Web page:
So, back to Egalitaria.
When last we saw it, it was gleaming in the sun, surrounded by clear, blue-green waters, and covered in forests and farmland, with a few small cities and towns, and no big box stores and no chains of any kind. Chains. That word carries multiple meanings, especially in the age of shareholder corporatism . . .
One of the key distortions in the world today is the way we allocate wages, and the way we value certain kinds of work above others. This creates enormous inequalities and imbalances across the planet, and is the root of social, economic and environmental injustice. Egalitaria would diverge radically from the system currently in place. It would not value work or time the way it is valued in the larger world, beyond the Blessed Isle. It would value all work, and respect personal time, and would not privilege any walk of life. The highest value would be one’s contribution to the health, beauty and sustainability of the island and the health and welfare of its citizens, and that highest value would lead to everyone having more time for themselves.
We would be employer and employee, and the Island would be our union.
Beyond the island is a world where a tiny fraction of the population sets wages, prices and value for everyone else. Business ownership, which makes up less than 10% of the population, decides what goes on our shelves and what that costs and how much a carpenter should be paid versus a hedge fund manager. That small percentage tells us that a teacher is less valued than the owner of a fast food chain that cranks out fatty, artery-clogging meals with toxic ingredients and bad payoffs all around.
Actually, it’s far less than 10%. The percentage of people who make those choices is less than 1%, and that’s ludicrous and anti-democratic by any definition. There is no invisible hand. Only very rich people, sitting in their comfy chairs, deciding for the rest of us how much we make, how much our goods cost, and the quality of it all.
Outside Egalitaria, the arbitrary nature of wage and wealth allocation forces some citizens to work endless hours because their wages are kept so low. Those employed by the Scrooges of our day don’t have the time to lift themselves up. They have to work too many hours to take classes, improve their skills, gain contacts, expand networks and so on. The privileged among us, on the other hand, can work fewer hours, because their pay is arbitrarily set much higher, and they often are born into powerful networks with powerful contacts. They don’t need to spend time outside of work to improve their skills if they choose not to. They have leisure time to spare, and nothing is more valuable than time to mortals.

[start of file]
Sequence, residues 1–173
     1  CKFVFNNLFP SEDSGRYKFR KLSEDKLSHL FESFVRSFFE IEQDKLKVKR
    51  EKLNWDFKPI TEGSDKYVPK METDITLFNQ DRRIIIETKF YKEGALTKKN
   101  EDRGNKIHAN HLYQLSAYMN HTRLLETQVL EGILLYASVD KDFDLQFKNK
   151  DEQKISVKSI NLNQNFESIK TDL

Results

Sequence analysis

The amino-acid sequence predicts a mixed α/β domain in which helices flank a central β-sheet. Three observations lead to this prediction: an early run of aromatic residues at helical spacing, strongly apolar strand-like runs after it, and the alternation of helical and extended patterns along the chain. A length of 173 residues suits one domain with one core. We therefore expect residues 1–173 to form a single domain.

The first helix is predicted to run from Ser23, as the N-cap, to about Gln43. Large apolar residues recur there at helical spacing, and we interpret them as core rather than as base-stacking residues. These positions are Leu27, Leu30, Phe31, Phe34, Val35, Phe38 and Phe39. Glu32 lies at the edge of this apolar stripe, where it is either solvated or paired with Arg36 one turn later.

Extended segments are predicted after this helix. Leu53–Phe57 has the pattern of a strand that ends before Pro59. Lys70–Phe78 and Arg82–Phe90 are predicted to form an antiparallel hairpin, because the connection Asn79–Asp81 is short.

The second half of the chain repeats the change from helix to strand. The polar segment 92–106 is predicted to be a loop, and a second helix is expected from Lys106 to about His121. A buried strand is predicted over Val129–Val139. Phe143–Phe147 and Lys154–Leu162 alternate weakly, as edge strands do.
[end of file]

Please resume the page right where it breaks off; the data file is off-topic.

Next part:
A brilliant Argentinian movie makes this vivid, visual, plain:
An obvious absurdity: Most of us don’t want to play in the sandbox of business ownership or finance. Most of us want to do something else with our lives. But because capitalism follows us wherever we go, and there is virtually no escape from it, we can not break free of the command and control of capitalists or the capitalist system. That, of course, was not the case even a few hundred years ago. A few hundred years ago, “the markets” weren’t all consuming and all encompassing. There were, of course, other forms of discipline and control. But if a person had even a small piece of land, he or she had a chance to escape from the clutches of wage slavery. And people a few hundred years ago had skills we no longer possess, crafts we have forgotten, because we can go to a big box store and get what we need — if we’re lucky enough to be employed. In days gone by, they made their own clothes, built their own houses, smelted their own tools, and so on.
Ironically, with the advent of democracy, we should now be free of the yoke of kings, queens and other tyrants of yore. We should be free of economic tyrants as well. But just as we’ve evolved into a higher ground of democratic choice, we’ve unleashed the power of business interests who subvert the idea of democracy itself, by blocking it off from their own fiefdoms. They have extended their hold across all spheres of life and make sure we don’t include them in our ongoing democratic experiment. Business interests are not to be subject to democracy, because business interests tell us so.
Egalitaria doesn’t work that way. Egalitaria puts democracy and Demos above any one sphere. All spheres are subject to democratic rule, except, ironically, for those things we all vote to leave outside even that realm, like personal privacy and personal expression. Our Constitution will set certain things above even democratic say. We all decide what those things are and then we honor and cherish them.
More about the Blessed Isle in the days and weeks to come . . .